Anniversaries always invoke nostalgia and football tournaments are no different. This summer’s European Championships in France will come exactly 20 years since Euro ’96, hosted by England. For many people, this is their favourite tournament, and for me it is no different.
I’m generally not too bothered about England nowadays, that ship sailed for me over a decade ago, but I still look back at Euro ’96 with great memories. I remember bits from the World Cup in 1990, and Euro ’92, and of course England failed the qualify for the World Cup in USA in 1994. Being 13 at the time of Euro ’96, it was the first tournament containing England that I was old enough to fully appreciate.
Being hosted by England was also one of the factors that made this tournament so special to the masses. Pre-1990 football matches were generally no-go areas for many people, characterised by hooliganism and decrepit stadia. The Taylor Report, produced in the wake of the Hillsborough Disaster, recommended major changes for the national game. The Premier League kicked off in 1992 and by 1996 the face of the English game had changed dramatically.
A fairly poor performance from England opened the championships, on a Saturday afternoon at Wembley Stadium. Alan Shearer opened the scoring against opponents Switzerland, lashing home a cute Paul Ince pass, for what was to be his first international goal for 20 months. The game ended 1-1, however, after the Swiss converted a penalty conceded by Stuart Pearce.
The second game, on Saturday 15 June 1996, was a must win for England, given the draw in the opening match and the fact that the opponent was the Auld Enemy, Scotland. The Scots were a good side at the time, with many of the team plying their trade in England or featuring regularly in the Champions League for Rangers. England took the lead as Shearer nodded in a Gary Neville cross to silence the invading Tartan Army. The Scots had a chance to equalise after Tony Adams felled Gordon Durie in the box, but David Seaman saved Gary McAllister’s resulting spot-kick. What happened next produced one of the most iconic images of the last 20 years. Paul Gascoigne lifted the ball over Colin Hendry’s head with his left foot before smashing a volley past Andy Goram with his right. It was made all the sweeter given that he played for Rangers at the time, and was coming face-to-face with many of his colleagues. The goal was followed up with the famous Dentist Chair celebration, making light of some pre-tournament shenanigans in Hong Kong, which predictably involved copious amounts of alcohol.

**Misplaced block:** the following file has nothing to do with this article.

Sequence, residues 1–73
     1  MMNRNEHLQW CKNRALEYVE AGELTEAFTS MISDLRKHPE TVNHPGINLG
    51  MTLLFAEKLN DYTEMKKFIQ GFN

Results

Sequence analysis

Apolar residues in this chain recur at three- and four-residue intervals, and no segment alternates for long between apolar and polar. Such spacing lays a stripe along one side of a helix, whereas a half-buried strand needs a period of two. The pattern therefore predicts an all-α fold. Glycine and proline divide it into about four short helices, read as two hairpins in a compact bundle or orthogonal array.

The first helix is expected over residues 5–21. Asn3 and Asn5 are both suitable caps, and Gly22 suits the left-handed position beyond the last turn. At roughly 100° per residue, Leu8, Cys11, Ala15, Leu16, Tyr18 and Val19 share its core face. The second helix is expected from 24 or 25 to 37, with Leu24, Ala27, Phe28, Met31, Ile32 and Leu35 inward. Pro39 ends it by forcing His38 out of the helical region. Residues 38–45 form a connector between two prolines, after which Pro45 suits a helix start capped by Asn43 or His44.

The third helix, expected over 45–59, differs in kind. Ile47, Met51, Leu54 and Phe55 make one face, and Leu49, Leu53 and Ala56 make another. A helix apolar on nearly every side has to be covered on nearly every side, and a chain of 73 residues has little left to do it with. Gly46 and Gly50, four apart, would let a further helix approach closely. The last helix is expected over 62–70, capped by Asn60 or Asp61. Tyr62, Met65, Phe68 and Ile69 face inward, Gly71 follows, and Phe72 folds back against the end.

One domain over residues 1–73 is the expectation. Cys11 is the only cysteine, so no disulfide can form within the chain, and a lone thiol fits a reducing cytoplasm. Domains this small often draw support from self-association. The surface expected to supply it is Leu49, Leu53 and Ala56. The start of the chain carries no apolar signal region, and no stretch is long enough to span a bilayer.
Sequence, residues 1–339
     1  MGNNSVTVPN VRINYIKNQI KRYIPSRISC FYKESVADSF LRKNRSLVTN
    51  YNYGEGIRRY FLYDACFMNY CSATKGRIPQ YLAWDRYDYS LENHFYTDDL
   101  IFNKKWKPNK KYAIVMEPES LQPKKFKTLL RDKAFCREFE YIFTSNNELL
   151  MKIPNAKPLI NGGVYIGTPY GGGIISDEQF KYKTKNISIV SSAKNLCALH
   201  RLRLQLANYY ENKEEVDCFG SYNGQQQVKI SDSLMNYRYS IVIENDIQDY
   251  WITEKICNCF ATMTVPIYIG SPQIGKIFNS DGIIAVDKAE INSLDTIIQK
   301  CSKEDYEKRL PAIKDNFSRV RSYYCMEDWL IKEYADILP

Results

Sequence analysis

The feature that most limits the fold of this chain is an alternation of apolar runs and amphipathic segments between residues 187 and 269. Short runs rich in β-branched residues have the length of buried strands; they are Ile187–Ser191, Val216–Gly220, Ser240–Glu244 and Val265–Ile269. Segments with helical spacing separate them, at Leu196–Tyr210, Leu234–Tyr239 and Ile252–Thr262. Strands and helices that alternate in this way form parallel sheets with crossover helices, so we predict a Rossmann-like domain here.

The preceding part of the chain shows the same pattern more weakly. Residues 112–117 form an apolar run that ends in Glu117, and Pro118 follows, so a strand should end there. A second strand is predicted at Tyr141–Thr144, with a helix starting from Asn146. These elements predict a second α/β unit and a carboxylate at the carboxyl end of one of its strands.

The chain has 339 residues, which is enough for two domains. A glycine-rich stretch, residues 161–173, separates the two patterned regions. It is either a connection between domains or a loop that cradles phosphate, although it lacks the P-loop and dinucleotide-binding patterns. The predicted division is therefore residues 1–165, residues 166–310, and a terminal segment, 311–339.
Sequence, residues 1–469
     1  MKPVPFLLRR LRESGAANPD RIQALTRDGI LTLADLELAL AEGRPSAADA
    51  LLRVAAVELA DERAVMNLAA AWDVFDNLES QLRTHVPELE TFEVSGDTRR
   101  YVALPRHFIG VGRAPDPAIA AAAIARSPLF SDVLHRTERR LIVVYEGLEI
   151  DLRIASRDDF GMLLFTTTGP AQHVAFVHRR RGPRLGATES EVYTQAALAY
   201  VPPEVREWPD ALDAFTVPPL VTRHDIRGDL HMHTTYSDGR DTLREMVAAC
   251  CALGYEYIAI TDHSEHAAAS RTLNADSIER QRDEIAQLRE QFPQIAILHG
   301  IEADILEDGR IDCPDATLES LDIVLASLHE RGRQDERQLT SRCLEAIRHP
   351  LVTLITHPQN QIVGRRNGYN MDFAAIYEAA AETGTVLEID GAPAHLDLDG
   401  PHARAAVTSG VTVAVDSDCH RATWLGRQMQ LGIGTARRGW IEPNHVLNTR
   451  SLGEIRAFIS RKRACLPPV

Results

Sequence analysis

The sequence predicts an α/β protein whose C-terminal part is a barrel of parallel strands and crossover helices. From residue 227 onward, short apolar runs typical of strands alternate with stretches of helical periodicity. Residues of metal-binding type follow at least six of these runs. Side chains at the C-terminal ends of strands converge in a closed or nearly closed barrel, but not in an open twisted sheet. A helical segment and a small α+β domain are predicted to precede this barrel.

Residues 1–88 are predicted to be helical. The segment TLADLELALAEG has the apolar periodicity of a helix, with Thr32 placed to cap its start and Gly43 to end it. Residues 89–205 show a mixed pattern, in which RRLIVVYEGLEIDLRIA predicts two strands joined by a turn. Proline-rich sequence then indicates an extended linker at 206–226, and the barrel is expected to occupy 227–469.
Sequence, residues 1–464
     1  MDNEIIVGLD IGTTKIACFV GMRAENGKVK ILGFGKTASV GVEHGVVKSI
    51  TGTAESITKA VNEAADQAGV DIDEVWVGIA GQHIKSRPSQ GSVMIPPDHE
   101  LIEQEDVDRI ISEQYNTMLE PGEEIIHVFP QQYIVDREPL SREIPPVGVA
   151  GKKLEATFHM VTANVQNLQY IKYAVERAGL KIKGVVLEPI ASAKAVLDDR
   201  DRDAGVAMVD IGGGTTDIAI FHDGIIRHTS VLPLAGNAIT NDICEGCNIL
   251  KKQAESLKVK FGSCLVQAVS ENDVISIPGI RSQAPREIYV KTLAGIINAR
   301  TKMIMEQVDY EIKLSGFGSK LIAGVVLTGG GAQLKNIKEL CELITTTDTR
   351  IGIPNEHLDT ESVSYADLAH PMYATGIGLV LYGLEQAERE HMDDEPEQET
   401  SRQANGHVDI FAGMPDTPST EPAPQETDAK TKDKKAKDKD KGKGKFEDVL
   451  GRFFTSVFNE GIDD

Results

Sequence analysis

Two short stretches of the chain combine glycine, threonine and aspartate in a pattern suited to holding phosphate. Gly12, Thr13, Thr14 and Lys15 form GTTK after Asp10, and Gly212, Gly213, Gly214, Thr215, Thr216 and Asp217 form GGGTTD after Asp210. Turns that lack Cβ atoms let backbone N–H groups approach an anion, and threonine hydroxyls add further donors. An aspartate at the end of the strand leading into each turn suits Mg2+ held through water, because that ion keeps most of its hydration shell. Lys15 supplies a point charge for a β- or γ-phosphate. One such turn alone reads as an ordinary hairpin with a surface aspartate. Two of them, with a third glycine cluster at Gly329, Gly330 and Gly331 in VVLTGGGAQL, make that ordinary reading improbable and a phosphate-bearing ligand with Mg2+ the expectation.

That date was also significant for another reason, as an IRA bomb ripped through the centre of Manchester. I remember hearing whispers about the bomb, as we walked the empty streets following the game, but fortunately we were too young to understand the implications of such a tragic event. Luckily, no one was killed, although 212 were injured.